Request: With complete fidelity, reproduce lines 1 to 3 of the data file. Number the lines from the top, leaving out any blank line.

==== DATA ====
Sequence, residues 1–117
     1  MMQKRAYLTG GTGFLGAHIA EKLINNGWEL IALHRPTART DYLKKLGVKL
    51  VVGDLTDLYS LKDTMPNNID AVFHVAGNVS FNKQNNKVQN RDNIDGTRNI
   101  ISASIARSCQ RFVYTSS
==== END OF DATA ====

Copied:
Sequence, residues 1–117
     1  MMQKRAYLTG GTGFLGAHIA EKLINNGWEL IALHRPTART DYLKKLGVKL
    51  VVGDLTDLYS LKDTMPNNID AVFHVAGNVS FNKQNNKVQN RDNIDGTRNI